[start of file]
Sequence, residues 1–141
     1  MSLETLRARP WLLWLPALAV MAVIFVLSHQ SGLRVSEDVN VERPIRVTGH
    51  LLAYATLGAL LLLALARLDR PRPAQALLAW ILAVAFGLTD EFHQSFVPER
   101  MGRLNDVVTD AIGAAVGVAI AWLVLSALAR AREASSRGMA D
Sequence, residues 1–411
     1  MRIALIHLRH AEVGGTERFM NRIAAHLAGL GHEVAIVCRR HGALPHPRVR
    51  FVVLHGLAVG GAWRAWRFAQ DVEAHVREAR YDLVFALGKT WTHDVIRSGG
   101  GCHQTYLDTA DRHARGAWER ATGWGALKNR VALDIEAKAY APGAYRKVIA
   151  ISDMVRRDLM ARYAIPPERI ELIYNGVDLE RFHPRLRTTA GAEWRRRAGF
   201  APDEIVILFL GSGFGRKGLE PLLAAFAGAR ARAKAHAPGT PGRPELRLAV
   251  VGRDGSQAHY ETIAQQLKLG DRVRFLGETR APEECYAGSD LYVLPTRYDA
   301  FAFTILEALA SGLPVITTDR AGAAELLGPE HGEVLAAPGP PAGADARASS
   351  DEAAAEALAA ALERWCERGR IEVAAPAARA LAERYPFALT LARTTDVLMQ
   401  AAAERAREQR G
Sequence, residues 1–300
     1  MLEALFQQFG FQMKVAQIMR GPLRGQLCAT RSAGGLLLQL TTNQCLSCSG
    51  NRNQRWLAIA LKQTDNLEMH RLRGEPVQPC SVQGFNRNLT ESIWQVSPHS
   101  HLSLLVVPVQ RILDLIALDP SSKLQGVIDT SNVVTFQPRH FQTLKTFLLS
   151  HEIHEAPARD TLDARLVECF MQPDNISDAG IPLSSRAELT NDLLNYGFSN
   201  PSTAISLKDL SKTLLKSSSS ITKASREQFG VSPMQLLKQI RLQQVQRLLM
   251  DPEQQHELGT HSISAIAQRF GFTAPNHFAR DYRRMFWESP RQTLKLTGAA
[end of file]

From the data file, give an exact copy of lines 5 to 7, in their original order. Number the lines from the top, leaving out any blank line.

Sequence, residues 1–411
     1  MRIALIHLRH AEVGGTERFM NRIAAHLAGL GHEVAIVCRR HGALPHPRVR
    51  FVVLHGLAVG GAWRAWRFAQ DVEAHVREAR YDLVFALGKT WTHDVIRSGG